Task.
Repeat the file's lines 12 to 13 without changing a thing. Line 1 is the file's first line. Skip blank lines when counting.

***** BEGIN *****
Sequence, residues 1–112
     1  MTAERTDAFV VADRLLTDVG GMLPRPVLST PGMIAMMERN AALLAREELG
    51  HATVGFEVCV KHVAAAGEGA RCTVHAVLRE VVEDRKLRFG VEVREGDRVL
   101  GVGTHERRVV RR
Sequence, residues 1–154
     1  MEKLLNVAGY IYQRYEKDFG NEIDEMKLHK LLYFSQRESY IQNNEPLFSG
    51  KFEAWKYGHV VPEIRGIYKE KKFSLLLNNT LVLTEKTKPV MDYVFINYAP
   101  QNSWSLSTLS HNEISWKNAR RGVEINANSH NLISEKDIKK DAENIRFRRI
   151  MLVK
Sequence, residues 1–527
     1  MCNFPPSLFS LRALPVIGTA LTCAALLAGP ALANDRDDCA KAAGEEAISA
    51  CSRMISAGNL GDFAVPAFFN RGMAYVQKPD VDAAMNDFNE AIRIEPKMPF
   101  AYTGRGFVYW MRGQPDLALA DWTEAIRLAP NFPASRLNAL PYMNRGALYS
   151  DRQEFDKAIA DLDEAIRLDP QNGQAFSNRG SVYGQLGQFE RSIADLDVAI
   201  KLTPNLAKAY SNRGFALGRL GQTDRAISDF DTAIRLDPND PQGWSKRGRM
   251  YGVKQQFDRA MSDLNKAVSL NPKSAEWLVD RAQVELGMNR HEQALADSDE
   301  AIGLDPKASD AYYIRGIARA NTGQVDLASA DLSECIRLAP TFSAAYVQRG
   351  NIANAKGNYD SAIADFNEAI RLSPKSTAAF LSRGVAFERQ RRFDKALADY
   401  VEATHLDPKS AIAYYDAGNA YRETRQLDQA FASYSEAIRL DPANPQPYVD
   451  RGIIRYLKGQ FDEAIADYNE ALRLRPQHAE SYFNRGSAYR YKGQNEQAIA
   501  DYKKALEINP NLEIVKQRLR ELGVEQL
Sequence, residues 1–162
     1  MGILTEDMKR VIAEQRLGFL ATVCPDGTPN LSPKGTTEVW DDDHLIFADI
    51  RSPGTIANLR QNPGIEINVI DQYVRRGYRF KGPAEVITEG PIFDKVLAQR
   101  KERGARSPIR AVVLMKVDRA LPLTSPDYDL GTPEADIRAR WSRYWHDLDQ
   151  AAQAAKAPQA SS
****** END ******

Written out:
    51  CSRMISAGNL GDFAVPAFFN RGMAYVQKPD VDAAMNDFNE AIRIEPKMPF
   101  AYTGRGFVYW MRGQPDLALA DWTEAIRLAP NFPASRLNAL PYMNRGALYS